New research from Gartner reveals that marketing budgets have fallen to their lowest recorded level, dropping to 6.4 percent of company revenue in 2021 from 11 percent in 2020.
For its Gartner CMO Spend Survey, the firm surveyed 400 CMO and marketing leaders in North America, the UK, France and Germany from March 2021 through May 2021, tracking the critical areas marketers are investing in and where cuts are being made from people, programs and technologies.
“Despite facing in-year budget cuts in 2020 due to the pandemic, most CMOs expected budgets to bounce back in 2021. This budgetary optimism was misplaced, as marketing budgets have fallen to their lowest level in the history of Gartner’s CMO Spend Survey,” said Ewan McIntyre, co-chief of research and vice president analyst in the Gartner for Marketers practice, in a news release. “However, these cuts have been a slow burn over the course of the last year, where many marketing budgets have not recovered what was originally lost.”
2021 marketing budget (percent of total revenue):
- 2021—6.4 percent
- 2020—11.0 percent
- 2019—10.5 percent
- 2018—11.2 percent
- 2017—11.3 percent
- 2016—12.1 percent
- 2015—11.4 percent
- 2014—10.2 percent
The survey reveals that no one—regardless of company size or industry—has escaped swinging cuts in marketing budgets. In fact, no industry achieved a double-digit budget in 2021. Travel & hospitality, manufacturing and tech product companies have experienced the greatest cuts in 2021.
Meanwhile, consumer products and goods (CPG) companies reported the strongest 2021 marketing budgets at 8.3 percent of company revenue. Large enterprises got hit the hardest—companies with revenue of more than $2 billion reported the lowest average marketing budget of just 5.7 percent. On the other hand, companies with revenue of under $500 million reported the highest allocation to marketing with an average budget of 8.6 percent of revenue.
CMOs reprioritize spend amid deep budget cuts
Gartner research shows CMOs have shifted spending commitments across their channels and programs, with pure-play digital channels—owned, paid and earned—dominating those priorities and accounting for 72.2 percent of the total marketing budget.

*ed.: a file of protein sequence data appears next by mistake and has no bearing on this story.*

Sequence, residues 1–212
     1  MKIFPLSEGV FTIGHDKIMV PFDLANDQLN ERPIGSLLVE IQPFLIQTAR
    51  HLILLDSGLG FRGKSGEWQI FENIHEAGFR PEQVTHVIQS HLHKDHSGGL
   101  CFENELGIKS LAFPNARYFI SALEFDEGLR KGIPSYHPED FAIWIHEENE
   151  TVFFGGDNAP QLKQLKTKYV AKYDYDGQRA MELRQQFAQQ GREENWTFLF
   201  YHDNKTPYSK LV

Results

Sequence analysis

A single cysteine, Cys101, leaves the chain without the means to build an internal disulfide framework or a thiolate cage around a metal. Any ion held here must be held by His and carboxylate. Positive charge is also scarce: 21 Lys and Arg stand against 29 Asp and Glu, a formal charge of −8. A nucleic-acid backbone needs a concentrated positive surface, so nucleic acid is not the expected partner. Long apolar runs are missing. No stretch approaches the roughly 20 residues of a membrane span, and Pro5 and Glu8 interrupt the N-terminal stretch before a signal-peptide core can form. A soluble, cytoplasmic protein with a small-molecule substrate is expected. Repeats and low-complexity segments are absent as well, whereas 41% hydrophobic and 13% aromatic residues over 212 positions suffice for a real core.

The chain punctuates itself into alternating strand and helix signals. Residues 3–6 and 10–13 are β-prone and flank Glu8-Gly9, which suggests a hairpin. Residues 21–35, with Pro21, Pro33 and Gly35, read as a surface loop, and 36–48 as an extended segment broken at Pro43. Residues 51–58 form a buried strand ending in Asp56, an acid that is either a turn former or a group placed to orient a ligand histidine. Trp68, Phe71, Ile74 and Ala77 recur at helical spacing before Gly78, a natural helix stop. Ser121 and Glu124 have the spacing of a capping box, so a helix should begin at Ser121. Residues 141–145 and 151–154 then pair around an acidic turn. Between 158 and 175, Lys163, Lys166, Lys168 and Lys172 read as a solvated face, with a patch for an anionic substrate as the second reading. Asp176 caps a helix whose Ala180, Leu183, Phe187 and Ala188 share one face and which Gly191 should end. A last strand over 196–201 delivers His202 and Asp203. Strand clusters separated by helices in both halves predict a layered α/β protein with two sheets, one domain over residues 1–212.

When looking at the largest resource allocation—agencies, media, labor and paid media—agency spend continues to decline. “Albeit a small dip from 23.7 percent in 2020 to 23 percent in 2021, this continual change indicates significant in-housing activity, as CMOs reimagine the capabilities that can be supported by their internal teams, “added McIntyre.
CMOs report that 29 percent of work previously carried out by agencies has moved in-house in just the last 12-months alone. The focus of in-housing is changing as well—with brand strategy, innovation and technology, and marketing strategy development making up the top three capabilities areas CMOs are moving to internal teams. Meanwhile, marketing technology (martech) continues to dominate, taking up 26.6 percent of the total budget.
Digital commerce tops program spend
2020 and 2021 have seen drastic changes to customer buying journeys—both B2C and B2B alike, forcing even digital late-comers to accept the inevitable shift to online channels. When looking at budget allocation by programs and operational areas, CMOs report digital commerce makes up 12.3 percent of the total budget. Likewise, marketing operations and brand strategy make up 11.9 percent and 11.3 percent of the total budget.
However, while marketing analytics still commands 11 percent of the total budget, it has continuously dropped in prioritization—now in the fourth position in 2021. “CMOs continue to invest in marketing data and analytics, however, for many, the results have failed to live-up to expectations,” said McIntyre. “Given recent and upcoming regulations, and changes in data collection, we expect this investment area to continue to be a strategically important capability, but also to continue to fluctuate until uncertainties subside.”